It is as a book-collector that he is now chiefly remembered. Roberts knew him well and described his collection in some detail: “The late Frederick Locker-Lampson, whose lamented death occurred whilst the earlier pages of this book — in which he took much interest — were passing through the press, was an ideal book-collector. He cared only for books which were in the most perfect condition. The unique character of the Rowfant library, its great literary and commercial value, and its wide interest, may be studied at length in its admirable catalogue, which of itself is a valuable work of reference. Mr. Locker, for it is by this name, and as the author of “London Lyrics”,’ that he will be best remembered, devoted his attention almost exclusively to English literature, although of late years he had devoted as much attention as his frail health would allow to the formation of a section of rare books in French literature. It would be impossible to describe in this place all the many book rarities at Rowfant; we must be content, therefore, with indicating a few of the more interesting ones: Alexander Pope’s own copy of Chapman’s translation of Homer, 1611; one of the largest known copies of the First Folio Shakespeare, 1623; an extensive series of the first or early quarto editions of Shakespeare’s plays, about fifty in number — including the spurious plays — many of which were at one time in the collections of Steevens, George Daniel, Tite, or Halliwell-Phillipps. The library is rich in other writers of the Elizabethan period — of Nash, Dekker, Greene, Gabriel Harvey. There are also a long series of the first editions of Dryden; the earliest issues of the first complete edition of “Pilgrim’s Progress”; of “Robinson Crusoe” (the three parts); of “Gulliver’s Travels”, besides about a score of other ‘editiones principes’ of Swift, Pope, Goldsmith, Fielding, Richardson, Johnson, Gay, Gray, Lamb, Byron, Shelley, Wordsworth, Thackeray, Dickens and many others. The two early printed books of especial interest are the “De Senectute”, printed by Caxton, 1481, and Barbour’s “Actis and Lyfe of the maist Victorious Conquerour, Robert Bruce, King of Scotland”, printed at Edinburgh by Robert Lepruik in 1571. The room in which the books are kept is virtually a huge safe; it was at one time a small ordinary room, and it has been converted into a fireproof library, with brick walls within brick walls; the floor of concrete, nearly two feet thick, and a huge iron door, complete an ingenious and effective protection against the most destructive of all enemies of books — fire”.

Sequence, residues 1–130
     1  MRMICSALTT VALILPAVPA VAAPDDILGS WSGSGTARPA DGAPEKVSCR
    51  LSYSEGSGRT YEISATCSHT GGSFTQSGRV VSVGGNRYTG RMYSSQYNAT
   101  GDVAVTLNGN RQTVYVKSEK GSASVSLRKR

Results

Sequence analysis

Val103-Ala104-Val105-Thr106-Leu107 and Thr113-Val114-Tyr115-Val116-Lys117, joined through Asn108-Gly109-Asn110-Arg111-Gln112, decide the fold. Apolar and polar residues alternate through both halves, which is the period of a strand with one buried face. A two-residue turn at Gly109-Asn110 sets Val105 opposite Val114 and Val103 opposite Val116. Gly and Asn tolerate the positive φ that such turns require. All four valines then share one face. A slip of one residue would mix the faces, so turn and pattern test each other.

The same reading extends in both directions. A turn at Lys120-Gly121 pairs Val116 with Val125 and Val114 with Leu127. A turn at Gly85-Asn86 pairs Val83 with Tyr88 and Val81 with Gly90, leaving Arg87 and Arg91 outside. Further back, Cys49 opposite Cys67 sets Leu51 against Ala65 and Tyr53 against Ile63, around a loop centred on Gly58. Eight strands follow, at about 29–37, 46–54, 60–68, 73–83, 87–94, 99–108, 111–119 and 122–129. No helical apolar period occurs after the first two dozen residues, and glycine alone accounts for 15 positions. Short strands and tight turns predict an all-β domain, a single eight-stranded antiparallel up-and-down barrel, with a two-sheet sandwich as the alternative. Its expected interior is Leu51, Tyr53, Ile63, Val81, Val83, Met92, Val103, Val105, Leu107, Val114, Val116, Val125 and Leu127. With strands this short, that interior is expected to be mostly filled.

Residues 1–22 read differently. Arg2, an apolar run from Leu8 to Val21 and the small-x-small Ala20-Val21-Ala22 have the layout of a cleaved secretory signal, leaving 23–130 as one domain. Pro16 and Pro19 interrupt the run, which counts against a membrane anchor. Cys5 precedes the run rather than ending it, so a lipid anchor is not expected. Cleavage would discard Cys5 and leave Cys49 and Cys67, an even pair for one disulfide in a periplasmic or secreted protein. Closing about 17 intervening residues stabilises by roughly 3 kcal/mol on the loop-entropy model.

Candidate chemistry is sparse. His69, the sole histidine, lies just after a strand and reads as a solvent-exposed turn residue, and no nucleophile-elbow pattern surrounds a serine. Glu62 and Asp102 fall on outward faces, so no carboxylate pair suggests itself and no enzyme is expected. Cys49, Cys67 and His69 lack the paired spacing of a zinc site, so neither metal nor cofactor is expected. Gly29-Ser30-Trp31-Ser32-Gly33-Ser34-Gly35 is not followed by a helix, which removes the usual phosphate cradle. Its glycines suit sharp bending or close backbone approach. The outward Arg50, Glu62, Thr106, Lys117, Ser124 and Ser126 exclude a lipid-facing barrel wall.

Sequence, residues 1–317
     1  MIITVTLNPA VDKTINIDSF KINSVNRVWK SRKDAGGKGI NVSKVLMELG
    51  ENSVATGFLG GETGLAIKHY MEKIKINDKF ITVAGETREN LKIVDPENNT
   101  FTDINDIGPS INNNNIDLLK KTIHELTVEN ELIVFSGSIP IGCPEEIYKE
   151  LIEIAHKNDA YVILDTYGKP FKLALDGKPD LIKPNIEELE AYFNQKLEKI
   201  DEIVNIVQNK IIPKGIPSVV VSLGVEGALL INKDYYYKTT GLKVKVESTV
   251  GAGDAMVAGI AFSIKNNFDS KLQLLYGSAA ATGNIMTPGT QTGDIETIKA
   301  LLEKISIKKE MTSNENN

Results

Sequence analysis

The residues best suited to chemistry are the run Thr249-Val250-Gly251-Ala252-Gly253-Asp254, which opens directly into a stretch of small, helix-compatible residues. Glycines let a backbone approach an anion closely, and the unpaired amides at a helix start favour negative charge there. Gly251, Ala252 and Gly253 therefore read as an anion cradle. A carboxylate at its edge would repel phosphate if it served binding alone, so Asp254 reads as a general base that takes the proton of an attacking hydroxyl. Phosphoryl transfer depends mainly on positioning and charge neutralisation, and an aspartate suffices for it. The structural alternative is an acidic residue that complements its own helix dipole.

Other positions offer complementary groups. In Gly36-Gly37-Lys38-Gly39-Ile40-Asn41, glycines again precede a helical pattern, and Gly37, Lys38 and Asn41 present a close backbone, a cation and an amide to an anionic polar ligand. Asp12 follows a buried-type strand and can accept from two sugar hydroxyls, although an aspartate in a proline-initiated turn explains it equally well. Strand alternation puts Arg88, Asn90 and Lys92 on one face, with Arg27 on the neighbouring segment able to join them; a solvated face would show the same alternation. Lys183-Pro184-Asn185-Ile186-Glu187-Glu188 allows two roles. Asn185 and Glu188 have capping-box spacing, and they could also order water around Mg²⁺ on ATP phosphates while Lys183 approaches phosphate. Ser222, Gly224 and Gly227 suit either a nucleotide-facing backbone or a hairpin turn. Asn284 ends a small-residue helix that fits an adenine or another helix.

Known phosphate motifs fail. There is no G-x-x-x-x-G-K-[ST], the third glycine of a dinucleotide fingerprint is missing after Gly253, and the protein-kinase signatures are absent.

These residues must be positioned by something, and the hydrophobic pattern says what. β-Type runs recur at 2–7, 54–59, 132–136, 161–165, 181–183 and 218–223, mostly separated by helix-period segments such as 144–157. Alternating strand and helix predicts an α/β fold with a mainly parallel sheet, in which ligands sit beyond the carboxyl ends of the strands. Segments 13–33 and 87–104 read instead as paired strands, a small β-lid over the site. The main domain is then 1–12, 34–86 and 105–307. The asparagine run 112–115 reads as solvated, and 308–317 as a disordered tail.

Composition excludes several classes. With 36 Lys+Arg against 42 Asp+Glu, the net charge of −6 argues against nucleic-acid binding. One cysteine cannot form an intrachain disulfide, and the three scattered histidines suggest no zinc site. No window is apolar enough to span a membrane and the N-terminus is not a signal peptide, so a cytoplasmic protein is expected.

29 — Mr E. Walford. The last identified figure in this portrait of the sale-room, seated at the table in an inverness-cape and gazing intently at the auctioneer, is Edward Walford (1823-1897), antiquary, journalist and prolific author, responsible for perhaps a hundred separate publications. Born at Chelmsford, educated at Charterhouse and Balliol, ordained in 1848 and sometime schoolmaster at Tonbridge and Clifton, his earliest works were school-masterly or theological — for example, “A Series of Progressive Exercises in Latin Elegiac Verse” (1847) or “The Holiness of a Christian Child” (1850).
He soon turned to more general works of reference, especially in the compiling of biographical notes and sketches: “Hardwicke’s Annual Biography for 1856 : Containing Original & Selected Memoirs of Celebrated Characters who have Died during the Year” (1855); “Walford’s Records of the Great and Noble” (1857); “Photographic Portraits of Living Celebrities, with Biographical Notices by E. Walford” (1859). In 1860 he compiled the first edition of his “The County Families of the United Kingdom”, published annually for half a century or more.
He later turned increasingly to topography as a topic, writing pieces for “The Times” under the byline “Londoniana”. When Walter Thornbury, author of “Old and New London” (1873 onwards), died in 1876, Walford completed the final four volumes of that endlessly popular history by 1878, going on the write “Greater London”, published serially between 1882 and 1884. His relations with his contemporaries were not always smooth. He could be cantankerous. A friend remembered him as “the most facile of all journalists. There is probably nothing he could not have done had he set his mind to it. His besetting fault was a singular angularity of temperament — a stubborn obstinacy of honesty, so to speak— which bred enemies where he ought only to have enjoyed friendship. It is said of Matthew Arnold that he believed Edward to the most honest man alive” (Edinburgh Evening News, Tuesday 23rd November 1897).